Kathleen Seymour is Director of Seymour Research Ltd (www.seymour-research.co.uk)

As a child what did you want to be when you grew up?
A hairdresser! Then as a teenager I really wanted to be a teacher. The hairdressing was a no go after I developed a bit of a phobia of hairdressers, and I was put off from being a teacher by members of my family who were already teachers and talked me out of it!

When did you first turn towards a social research career?
I did a social policy degree at Royal Holloway University of London and on finishing that I’d planned to go into library / information management. The first job I got was as an Information Officer at Surrey County Council. I was there for two years and as a ‘side-line’ a senior colleague got me involved in some social and economic research and I was hooked from that point on.

What was your first professional job? And first project there?
My first wholly research based job was as a Research Assistant at the National Foundation for Educational Research (NFER). My first project there involved trialling new key stage 1 assessment materials in schools. This involved sending different versions of maths or English tests to a group of volunteer schools and gathering their feedback on the suitability of the materials. The results of the research determined which version of the tests went on to become the national assessment material.

Where did your career go next? What motivated that/those moves?
After two years at NFER I moved away from Berkshire (where NFER is based) to Nottingham (due to my partner’s job relocation) so had to reluctantly hand in my notice. After a few months of searching I found a research post with Nottinghamshire County Council working mainly on analysing their schools’ performance data. The role was something of a natural progression from my broad experiences of educational research at NFER.

What has been your best professional moment?
Starting my own business (Seymour Research Ltd) in 2012. I think the moment I realised I had enough skills, experience, expertise and contacts to give up my full time job and make a go of my own company was my big career highlight. There have been lots of other milestones along the way, like taking on my first staff member (I now have three staff), getting new business through successful promotional activities (rather than word of mouth which had kept me going up to that point), moving to a bigger office, etc. I’ve been lucky enough to have a wide range of experience in research so I have been able to work in the fields of social, educational and healthcare research – plus a bit of market research as well so the company has a very varied client base.

...and worst?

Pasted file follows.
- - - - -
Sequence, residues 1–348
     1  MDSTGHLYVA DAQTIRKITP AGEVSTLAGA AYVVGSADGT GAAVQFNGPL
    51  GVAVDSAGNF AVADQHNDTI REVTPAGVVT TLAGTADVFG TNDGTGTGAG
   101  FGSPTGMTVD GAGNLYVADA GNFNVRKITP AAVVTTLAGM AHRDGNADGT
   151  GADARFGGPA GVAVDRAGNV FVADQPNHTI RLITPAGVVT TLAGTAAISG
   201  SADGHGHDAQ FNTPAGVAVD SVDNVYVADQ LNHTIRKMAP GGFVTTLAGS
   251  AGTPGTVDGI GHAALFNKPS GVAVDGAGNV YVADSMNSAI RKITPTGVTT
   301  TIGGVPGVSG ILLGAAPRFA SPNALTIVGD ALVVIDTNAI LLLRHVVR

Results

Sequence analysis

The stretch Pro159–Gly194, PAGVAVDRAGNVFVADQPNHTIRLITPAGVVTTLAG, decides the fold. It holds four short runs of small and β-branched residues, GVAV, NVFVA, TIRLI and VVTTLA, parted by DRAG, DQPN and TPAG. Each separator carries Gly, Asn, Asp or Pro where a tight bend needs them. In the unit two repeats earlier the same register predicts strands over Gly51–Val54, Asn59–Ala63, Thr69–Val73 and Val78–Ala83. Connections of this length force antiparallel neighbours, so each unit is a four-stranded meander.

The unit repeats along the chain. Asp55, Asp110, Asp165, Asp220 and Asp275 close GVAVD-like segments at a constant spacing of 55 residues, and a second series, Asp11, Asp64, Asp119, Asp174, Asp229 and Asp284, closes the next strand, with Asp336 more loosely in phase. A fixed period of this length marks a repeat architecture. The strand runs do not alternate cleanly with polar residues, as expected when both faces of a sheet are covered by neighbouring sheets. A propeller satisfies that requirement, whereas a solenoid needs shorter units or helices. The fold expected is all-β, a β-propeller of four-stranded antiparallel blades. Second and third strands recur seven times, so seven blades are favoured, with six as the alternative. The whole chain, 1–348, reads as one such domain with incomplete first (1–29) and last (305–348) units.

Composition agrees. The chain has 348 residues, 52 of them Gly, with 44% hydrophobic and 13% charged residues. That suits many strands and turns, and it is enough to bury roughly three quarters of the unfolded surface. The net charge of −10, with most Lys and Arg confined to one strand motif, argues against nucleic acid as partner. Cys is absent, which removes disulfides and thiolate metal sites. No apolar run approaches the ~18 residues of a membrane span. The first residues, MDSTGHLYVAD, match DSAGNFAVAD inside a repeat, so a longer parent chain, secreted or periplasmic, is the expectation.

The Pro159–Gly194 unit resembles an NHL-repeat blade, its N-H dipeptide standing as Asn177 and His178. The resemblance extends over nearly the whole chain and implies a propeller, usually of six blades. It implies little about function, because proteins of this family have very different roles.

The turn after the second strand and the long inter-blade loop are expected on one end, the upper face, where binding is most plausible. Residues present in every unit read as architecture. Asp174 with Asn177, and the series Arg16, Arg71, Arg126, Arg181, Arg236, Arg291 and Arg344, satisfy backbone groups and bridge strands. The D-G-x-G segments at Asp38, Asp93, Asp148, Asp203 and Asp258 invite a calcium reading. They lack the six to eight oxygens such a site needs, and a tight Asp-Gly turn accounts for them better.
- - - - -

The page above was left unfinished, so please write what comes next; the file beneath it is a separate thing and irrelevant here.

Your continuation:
Starting my own business! It sounds strange to cite this as my best and worst moments, but it has been a rollercoaster ride. I’ve learned a great deal in the last few years and inevitably some of that has been through my mistakes. I’ve run a couple of projects at a loss which obviously isn’t good, I’ve also had a very steep learning curve in terms of managing the company and keeping on top of the organisational nuts and bolts that are essential to keep the business going.

Do you have a social research hero/heroine?
Not really but after leaving my role at Nottinghamshire County Council I took up a post at the University of Nottingham’s Survey Unit. This was a central unit within the University that took on external and internal research work – anything from conducting the University’s student satisfaction survey to observational studies of begging activity in the City centre – and quite a lot in between! Dr Ken Levine was my boss at the University and was a great role model and mentor for me. I worked for him for nine years and learned a great deal about social research from him, particularly about survey design, administration and analysis. He has retired now but his legacy lives on – my company would not exist if it hadn’t been for his role in shaping my career and my skills as a researcher.

Do you have a favourite quote?
‘Should traffic wardens be armed?’ This was something the late great Rik Mayall’s character said in an episode of ‘Bottom’ (he was pretending to be Kilroy). I love this because it reminds of the potential to ask ridiculous questions in the name of research!

What would you say to encourage a young person today considering a social research career?
Do it! It’s an extremely interesting and rewarding career, particularly for those with an open and enquiring mind and who enjoy variety and unpredictability in their day to day life. As a researcher you can be standing in the street asking people questions one day, conducting desk research the next and maybe presenting your findings to hundreds of people the following day. Also aspiring researchers should get as much experience as they can. There are lots of small businesses like mine that would welcome someone on a placement or work experience so ask around and try out different research roles to see what suits you the best.

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